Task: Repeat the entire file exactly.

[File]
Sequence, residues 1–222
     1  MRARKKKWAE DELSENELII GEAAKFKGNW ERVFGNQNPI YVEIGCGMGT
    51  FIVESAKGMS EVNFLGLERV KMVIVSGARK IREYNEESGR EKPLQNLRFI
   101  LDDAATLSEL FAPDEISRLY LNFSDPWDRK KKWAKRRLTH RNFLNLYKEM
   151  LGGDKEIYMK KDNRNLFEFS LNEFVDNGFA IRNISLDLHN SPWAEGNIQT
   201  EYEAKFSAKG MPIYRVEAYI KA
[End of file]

Sequence, residues 1–222
     1  MRARKKKWAE DELSENELII GEAAKFKGNW ERVFGNQNPI YVEIGCGMGT
    51  FIVESAKGMS EVNFLGLERV KMVIVSGARK IREYNEESGR EKPLQNLRFI
   101  LDDAATLSEL FAPDEISRLY LNFSDPWDRK KKWAKRRLTH RNFLNLYKEM
   151  LGGDKEIYMK KDNRNLFEFS LNEFVDNGFA IRNISLDLHN SPWAEGNIQT
   201  EYEAKFSAKG MPIYRVEAYI KA